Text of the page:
Allegations the insurgents have purchased shoulder-fired Strela missiles raise concerns that they are obtaining increasingly sophisticated weapons.
On Nov. 27, a U.S. Air Force F-16 jet crashed while flying in support of American soldiers fighting Anbar province, a Sunni insurgent hotbed. The U.S. military said it had no information about the cause of the crash. Gen. William Caldwell, a U.S. military spokesman, said he would be surprised if the jet was shot down because F-16's have not encountered weapons capable of taking them down in Iraq.
But last week, a spokesman for Saddam's ousted Baath party claimed that fighters armed with a Strela missile had shot down the jet.
"We have stockpiles of Strelas and we are going to surprise them (the Americans)," Khudair al-Murshidi, the spokesman told the AP in Damascus, Syria. He would not say how the Strelas were obtained.
Saddam's army had Strelas; it is not known how many survived the 2003 war. The Strela is a shoulder-fired, low-altitude system with a passive infrared guidance system.
The issue of Saudi funding for the insurgency could gain new prominence as the Bush administration reviews its Iraq policy, especially if it seeks to engage Iran and Syria in peace efforts.
Bush's national security adviser, Stephen Hadley, wrote in a recent leaked memo that Washington should "step up efforts to get Saudi Arabia to take a leadership role in supporting Iraq, by using its influence to move Sunni populations out of violence into politics."
Last week, a Saudi who headed a security consulting group close to the Saudi government, Nawaf Obaid, wrote in the Washington Post that Saudi Arabia would use money, oil and support for Sunnis to thwart Iranian efforts to dominate Iraq if American troops pulled out. The Saudi government denied the report and fired Obaid.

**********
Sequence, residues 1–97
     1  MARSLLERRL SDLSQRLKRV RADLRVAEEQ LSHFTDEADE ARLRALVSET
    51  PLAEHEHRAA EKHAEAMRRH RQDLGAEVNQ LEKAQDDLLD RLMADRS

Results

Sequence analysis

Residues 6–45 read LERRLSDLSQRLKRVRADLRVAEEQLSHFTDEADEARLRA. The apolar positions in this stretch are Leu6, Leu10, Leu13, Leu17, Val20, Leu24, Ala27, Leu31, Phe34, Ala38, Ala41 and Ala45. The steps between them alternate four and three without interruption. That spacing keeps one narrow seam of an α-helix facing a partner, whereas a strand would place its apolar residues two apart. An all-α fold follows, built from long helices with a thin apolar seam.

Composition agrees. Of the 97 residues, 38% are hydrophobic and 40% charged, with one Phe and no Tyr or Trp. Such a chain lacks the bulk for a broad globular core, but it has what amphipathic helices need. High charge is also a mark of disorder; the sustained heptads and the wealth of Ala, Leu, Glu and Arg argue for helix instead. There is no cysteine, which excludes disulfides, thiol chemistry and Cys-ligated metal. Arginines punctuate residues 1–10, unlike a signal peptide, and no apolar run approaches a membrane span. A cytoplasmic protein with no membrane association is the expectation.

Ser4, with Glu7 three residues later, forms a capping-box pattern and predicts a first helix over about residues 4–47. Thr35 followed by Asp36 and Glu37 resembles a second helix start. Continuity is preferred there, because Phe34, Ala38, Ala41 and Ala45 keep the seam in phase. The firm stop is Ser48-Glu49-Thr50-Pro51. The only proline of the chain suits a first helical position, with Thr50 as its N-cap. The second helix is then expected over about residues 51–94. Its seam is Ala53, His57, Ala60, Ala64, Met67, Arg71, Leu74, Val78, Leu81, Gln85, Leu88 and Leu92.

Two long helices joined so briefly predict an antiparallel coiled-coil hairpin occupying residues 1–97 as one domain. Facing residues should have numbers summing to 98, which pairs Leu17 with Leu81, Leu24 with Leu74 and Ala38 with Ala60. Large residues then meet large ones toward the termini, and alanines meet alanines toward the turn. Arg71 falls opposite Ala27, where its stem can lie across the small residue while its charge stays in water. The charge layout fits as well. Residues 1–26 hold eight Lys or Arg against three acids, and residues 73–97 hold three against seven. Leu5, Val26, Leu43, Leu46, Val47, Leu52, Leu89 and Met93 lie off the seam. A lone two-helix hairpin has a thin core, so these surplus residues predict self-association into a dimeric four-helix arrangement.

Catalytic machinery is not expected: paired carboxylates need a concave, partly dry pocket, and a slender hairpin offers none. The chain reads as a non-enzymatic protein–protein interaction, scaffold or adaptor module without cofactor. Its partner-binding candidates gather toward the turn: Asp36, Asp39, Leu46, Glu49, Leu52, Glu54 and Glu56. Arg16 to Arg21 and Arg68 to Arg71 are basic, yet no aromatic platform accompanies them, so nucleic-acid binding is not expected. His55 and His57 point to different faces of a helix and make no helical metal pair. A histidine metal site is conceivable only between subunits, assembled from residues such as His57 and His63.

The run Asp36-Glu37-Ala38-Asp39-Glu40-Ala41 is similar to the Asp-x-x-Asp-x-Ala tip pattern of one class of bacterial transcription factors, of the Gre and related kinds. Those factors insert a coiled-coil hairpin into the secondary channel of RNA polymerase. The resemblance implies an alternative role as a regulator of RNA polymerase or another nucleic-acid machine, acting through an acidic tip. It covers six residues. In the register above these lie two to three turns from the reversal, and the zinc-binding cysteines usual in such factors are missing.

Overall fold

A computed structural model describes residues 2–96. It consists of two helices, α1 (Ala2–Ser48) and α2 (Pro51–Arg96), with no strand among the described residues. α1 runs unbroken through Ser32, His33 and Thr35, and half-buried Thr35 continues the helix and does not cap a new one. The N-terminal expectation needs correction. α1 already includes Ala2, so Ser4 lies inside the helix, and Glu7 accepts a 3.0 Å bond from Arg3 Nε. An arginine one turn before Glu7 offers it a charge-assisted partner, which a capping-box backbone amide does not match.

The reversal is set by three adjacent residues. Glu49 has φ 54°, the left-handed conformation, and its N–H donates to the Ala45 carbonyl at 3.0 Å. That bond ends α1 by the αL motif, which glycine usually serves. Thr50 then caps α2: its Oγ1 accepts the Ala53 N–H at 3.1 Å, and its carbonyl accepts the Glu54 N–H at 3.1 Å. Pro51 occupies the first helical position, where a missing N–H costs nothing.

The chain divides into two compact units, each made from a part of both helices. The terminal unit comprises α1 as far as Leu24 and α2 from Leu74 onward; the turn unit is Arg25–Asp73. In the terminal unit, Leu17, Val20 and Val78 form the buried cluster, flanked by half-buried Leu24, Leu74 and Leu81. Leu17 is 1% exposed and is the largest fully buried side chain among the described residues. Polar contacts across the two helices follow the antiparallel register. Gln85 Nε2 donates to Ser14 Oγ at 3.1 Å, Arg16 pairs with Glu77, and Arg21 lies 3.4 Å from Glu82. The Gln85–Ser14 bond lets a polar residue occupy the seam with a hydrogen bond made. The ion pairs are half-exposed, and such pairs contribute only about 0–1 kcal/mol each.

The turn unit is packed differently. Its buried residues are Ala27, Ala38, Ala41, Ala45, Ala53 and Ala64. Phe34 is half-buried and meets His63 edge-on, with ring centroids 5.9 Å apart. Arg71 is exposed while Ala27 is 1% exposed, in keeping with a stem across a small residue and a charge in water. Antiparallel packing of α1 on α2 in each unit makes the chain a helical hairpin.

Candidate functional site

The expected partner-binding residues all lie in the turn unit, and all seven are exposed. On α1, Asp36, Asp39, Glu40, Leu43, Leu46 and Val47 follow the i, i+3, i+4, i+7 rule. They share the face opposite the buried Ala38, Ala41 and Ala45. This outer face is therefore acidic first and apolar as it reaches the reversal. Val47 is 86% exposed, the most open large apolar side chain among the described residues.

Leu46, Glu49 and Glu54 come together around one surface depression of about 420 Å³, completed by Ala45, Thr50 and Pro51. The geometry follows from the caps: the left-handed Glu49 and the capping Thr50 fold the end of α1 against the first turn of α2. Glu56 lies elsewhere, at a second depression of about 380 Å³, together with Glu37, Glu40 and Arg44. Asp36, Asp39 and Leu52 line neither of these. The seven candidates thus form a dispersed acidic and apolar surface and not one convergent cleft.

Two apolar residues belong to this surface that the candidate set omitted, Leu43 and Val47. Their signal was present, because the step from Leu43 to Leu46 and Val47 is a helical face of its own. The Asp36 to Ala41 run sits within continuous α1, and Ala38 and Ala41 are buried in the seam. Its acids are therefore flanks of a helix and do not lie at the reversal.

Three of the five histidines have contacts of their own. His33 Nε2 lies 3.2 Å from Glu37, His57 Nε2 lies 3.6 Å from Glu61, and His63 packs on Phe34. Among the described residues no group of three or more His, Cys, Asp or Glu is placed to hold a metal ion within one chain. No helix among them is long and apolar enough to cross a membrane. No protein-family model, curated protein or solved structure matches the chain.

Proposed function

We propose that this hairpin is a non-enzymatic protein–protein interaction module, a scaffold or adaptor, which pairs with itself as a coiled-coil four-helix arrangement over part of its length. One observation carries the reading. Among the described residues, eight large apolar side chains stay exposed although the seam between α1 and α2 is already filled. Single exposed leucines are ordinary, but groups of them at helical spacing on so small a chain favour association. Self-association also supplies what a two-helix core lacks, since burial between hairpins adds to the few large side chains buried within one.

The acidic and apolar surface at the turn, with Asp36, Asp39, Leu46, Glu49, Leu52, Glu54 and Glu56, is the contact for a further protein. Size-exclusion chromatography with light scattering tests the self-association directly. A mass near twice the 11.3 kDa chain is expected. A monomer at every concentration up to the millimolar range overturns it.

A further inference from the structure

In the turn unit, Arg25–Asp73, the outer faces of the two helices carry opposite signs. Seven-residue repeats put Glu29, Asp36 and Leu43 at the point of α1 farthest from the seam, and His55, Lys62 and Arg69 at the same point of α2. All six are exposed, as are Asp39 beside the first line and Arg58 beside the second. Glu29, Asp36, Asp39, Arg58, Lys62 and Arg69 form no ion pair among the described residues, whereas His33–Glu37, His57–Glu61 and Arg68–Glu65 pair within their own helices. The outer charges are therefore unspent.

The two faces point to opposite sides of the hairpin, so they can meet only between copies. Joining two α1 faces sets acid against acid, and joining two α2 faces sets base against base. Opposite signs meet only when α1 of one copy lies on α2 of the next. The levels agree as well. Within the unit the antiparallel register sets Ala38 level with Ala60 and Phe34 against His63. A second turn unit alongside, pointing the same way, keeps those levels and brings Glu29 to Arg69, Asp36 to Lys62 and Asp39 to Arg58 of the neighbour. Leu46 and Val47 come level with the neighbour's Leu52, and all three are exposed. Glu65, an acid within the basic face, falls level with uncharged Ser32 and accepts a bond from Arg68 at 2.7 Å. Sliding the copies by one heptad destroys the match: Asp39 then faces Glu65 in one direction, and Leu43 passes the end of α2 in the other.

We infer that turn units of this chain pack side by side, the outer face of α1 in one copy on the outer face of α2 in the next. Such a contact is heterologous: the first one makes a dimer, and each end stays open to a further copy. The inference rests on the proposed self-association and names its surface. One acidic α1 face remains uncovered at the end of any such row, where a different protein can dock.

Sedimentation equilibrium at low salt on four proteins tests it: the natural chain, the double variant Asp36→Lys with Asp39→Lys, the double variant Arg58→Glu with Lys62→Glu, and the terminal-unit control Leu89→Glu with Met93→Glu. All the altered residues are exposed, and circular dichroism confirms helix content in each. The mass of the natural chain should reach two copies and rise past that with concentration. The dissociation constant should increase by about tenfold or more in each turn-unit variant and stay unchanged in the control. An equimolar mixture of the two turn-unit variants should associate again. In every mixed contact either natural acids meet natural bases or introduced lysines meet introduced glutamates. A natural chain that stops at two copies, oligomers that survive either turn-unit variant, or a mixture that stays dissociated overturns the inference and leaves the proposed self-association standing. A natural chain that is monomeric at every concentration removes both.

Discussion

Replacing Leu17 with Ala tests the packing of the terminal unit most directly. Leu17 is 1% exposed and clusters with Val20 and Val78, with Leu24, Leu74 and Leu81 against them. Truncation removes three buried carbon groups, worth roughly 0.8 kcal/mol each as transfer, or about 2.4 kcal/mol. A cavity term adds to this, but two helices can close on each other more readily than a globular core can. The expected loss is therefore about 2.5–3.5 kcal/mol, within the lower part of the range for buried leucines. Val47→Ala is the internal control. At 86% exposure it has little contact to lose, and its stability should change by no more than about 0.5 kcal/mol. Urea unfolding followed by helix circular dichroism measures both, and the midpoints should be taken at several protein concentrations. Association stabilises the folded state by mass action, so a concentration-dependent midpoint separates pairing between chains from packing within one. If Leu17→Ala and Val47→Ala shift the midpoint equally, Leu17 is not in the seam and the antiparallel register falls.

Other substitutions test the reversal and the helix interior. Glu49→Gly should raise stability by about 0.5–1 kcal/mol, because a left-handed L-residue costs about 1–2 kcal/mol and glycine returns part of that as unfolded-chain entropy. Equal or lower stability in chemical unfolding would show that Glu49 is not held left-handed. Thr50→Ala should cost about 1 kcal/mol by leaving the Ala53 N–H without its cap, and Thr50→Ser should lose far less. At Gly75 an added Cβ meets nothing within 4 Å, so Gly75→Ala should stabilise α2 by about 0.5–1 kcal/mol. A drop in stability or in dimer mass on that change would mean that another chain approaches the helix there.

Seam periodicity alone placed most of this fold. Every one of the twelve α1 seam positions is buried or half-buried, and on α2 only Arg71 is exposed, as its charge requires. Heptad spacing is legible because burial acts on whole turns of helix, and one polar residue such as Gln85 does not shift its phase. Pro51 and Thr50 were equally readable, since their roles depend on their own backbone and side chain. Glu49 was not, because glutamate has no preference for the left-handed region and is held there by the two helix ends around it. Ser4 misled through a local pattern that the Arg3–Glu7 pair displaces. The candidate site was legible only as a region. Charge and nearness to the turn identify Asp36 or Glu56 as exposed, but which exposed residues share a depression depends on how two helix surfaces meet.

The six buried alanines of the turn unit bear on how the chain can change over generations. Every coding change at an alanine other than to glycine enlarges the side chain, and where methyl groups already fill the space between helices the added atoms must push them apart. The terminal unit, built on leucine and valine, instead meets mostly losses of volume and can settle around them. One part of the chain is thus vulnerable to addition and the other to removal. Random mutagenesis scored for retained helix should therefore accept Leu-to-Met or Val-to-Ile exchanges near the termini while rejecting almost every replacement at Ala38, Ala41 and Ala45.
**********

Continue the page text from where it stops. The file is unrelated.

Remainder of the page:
Copyright 2006 Associated Press .
George Will: The problem with Iraq is that they're all savages
George Will, kvetching about Rumsfeld's parting shot, had this to say:
It is beyond dispiriting that after 45 months of war an American official can think that this semi-genocidal conflict over the survival of groups divided about the meaning of God's will can now be dampened by clever economics.
And this, about the Baker-Hamilton report:
The ISG's central conclusion, important to say with the group's imprimatur even though the conclusion is obvious, is that the problem with Iraq is the Iraqis, a semi-nation of peoples who are very difficult to help.
Portraying the Iraqis as a bunch of irrational, bloodthirsty savages -- people fighting over some religious arcana who are "very difficult to help" -- is the latest craze on the right. Last week, the ever-charming Bill O'Reilly said:
Do I care if the Sunnis and Shiites kill each other in Iraq? No… Let them kill each other. Maybe they'll all kill each other, and then we can have a decent country in Iraq.
This is a particularly disgusting bit of historical revisionism, but it's also quite familiar. It recalls 19th-century Europeans (and Americans) who embraced the idea that colonized peoples were infantile and incapable of self-governance. It shares the same roots as Jim Crow, which was largely justified by the idea that the newly freed slaves were incapable of functioning without the guidance of their former masters. It's social Darwinism, as clear as day.
The narrative is intended to shift blame for the catastrophic sequence of events in Iraq from the policy-makers who started it to the Iraqis themselves. It's also simply wrong -- Iraq was a functional, modern and secular society before the Iran-Iraq war, and at least a functional one before the 2003 invasion. The chaos that followed resulted from choices made by the administration, not some deep-seated dysfunction in Iraq's culture.
Policy-makers in Washington made a choice to not only remove Saddam Hussein and the senior officials loyal to him, but to dismantle that functional state from top to bottom -- sacking the army, the police and hundreds of thousands of bureaucrats who kept the country running.
There was no strategic imperative to do so. The most likely explanation for that policy choice is that there was a recognition that the Iraqi civil service would be a source of resistance to the economic "shock therapy" -- the illegal restructuring of Iraq's political economy -- upon which the administration insisted. (The other viable explanation is, of course, that it was based on rank stupidity, and I won't discount that lightly.)
At the same time, a decision was made to run with the "Rumsfeld Doctrine" -- go in with a small army and rely on hi-tech gizmos to do the job. So there weren't enough troops to maintain order, and the troops that were there were trained in combat, not civil enforcement.
That resulted in a chain of events that led Iraq to what it has become today -- make no mistake about that. There was a security vacuum, and into it stepped armed militias. Iraqi nationalism -- strong before the war -- gave way to the overlapping identity-based conflicts that make up the maelstrom we see before us now.